Patrick Sweeney: I think every brand is going to have a different perspective, but the major factor is the relatively lower production cost and barrier to entry to reach the consumer. Games like these are not $50 million investments and there is not the risk of dealing with a warehouse full of inventory. Independent games have to manage the process with digital platforms, but its a much different level of commitment.

The Sour Patch Kids game split things a little bit – Kraft managed development through a client of mine (Beefy Media), but they didn’t completely bypass the traditional publisher. There was still an important role for Capcom on the marketing side. It’s not accurate to say that a publisher has no value in a situation like this….they just have a different value proposition for this type of opportunity.

[a]list: Why are things like Facebook games increasingly popular in your opinion for brands

Patrick Sweeney: I think it’s a similar thought process. The barrier to entry for Facecbook games is lower – you can get wide exposure to a mainstream audience for a lower production cost. And you don’t NEED a publisher to launch a game on Facebook. Because of the lower amount of development time, it’s easier for the brand to wrap its arms around the development process and the cost associated with it. It appears less daunting and easier to put together for an entity that may not have a lot of game development experience.

[a]list: Social games can also be more directly reactive to consumer reactions and demands. How does that factor into these opportunities?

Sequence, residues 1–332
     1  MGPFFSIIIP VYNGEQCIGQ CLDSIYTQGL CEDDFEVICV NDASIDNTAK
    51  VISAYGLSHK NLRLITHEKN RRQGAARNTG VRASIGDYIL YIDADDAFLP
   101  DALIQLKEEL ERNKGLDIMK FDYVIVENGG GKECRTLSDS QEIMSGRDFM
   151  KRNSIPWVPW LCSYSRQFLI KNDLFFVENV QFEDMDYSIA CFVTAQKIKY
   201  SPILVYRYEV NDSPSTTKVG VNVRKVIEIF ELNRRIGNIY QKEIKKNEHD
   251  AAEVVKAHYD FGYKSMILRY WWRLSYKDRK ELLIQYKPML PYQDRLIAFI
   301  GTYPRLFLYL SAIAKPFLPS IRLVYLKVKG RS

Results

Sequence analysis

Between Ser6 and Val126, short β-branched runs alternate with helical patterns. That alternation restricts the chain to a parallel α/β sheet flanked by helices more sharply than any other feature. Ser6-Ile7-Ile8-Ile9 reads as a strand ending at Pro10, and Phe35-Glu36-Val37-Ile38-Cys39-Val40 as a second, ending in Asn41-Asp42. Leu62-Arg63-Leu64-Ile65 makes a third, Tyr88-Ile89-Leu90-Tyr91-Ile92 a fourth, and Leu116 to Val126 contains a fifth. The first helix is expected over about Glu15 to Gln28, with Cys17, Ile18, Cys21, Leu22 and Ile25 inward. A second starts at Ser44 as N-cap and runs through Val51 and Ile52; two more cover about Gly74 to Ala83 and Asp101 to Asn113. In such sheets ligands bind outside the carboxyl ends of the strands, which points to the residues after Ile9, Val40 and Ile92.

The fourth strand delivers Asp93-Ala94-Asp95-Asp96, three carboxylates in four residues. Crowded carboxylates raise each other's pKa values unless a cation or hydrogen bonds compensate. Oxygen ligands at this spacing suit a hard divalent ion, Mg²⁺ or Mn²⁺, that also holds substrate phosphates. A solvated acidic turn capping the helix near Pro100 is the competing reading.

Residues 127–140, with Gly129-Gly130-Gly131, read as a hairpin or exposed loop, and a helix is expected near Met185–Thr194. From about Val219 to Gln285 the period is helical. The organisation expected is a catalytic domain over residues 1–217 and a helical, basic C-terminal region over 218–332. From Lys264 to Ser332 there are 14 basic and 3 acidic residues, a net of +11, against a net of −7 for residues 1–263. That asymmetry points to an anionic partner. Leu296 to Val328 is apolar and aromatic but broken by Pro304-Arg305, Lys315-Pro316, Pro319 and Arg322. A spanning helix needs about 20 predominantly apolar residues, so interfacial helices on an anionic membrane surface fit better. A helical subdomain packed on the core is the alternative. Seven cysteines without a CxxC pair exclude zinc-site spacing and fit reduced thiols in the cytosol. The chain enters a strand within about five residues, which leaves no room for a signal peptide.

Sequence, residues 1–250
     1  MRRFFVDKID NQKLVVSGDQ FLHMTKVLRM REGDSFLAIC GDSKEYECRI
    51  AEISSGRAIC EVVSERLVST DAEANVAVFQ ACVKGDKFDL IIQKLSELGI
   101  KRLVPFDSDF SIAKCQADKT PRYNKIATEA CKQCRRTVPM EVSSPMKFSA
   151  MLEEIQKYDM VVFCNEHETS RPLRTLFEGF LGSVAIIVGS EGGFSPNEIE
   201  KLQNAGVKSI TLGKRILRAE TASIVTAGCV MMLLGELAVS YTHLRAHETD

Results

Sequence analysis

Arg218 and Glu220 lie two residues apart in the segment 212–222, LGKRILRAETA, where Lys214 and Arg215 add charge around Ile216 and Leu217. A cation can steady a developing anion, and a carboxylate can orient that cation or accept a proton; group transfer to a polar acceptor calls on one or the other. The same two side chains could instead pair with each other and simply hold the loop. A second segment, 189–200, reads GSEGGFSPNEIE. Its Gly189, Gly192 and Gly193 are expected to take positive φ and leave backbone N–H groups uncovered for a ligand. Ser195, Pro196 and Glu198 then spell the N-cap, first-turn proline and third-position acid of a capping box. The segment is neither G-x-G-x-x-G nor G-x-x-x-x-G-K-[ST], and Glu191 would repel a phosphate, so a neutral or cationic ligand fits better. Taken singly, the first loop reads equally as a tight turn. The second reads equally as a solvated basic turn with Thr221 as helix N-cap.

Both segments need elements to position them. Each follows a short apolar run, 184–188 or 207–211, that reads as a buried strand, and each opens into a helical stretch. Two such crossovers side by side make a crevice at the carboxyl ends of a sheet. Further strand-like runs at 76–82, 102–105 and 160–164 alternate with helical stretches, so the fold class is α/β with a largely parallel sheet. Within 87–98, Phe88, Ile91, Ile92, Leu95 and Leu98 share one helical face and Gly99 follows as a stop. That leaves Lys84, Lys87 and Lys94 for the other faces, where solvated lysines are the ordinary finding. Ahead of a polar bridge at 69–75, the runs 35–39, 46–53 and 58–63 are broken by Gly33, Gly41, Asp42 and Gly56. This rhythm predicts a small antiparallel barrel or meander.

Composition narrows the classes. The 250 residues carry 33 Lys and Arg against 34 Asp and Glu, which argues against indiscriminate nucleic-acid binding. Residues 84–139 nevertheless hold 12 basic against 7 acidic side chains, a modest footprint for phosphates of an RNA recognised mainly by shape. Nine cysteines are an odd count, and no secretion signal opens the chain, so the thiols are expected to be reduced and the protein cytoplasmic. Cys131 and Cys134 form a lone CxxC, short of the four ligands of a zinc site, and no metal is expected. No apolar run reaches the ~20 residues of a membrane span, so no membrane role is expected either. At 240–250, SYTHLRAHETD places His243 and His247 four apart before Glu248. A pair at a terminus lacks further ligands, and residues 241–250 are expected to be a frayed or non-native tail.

Patrick Sweeney: You’re exactly right. Social games can iterate quickly based on consumer feedback. It’s not like a traditional boxed product, where that content is static.

[a]list: What else about mobile and social game opportunities are appealing to a brand?

Patrick Sweeney: The shorter development time is attractive. Showtime might say, “The next season of Dexter in 9 months…it would be great if we had a game associated with the launch.” Well, of course, you can’t launch a console game in that time (at least not a good one), but it’s likely that you can do something on Facebook. So if a licensor hasn’t been thinking far enough ahead, there still may be an opportunity for some game based on the brand.

[a]list: It seems like many brands are retreating from the AAA games field. Take something like Hunger Games – a decade ago, that would have gotten a PS2 game, now it’s just on Facebook.

Patrick Sweeney: I don’t think that the brands are retreating. I think the publishers are. The brand likely would welcome a large license fee for a big AAA console release. Publishers are not going to take the risk on just ANY license. But I think the top end licenses will always have an opportunity to partner with publishers. There’s some licenses/brands where a AAA cross-platform commitment is justified, whether it be Spider-Man, Batman or the sports leagues or whatever the next mass-appeal franchise may be. But it’s at this next level of license that I think publishers have retreated from the AAA-level of investment. Not to single out Dexter (it’s one of my favorite shows). But, it’s unlikely that there’s a good console, AAA publishing opportunity out there today. But that doesn’t mean there isn’t a different games avenue for that license.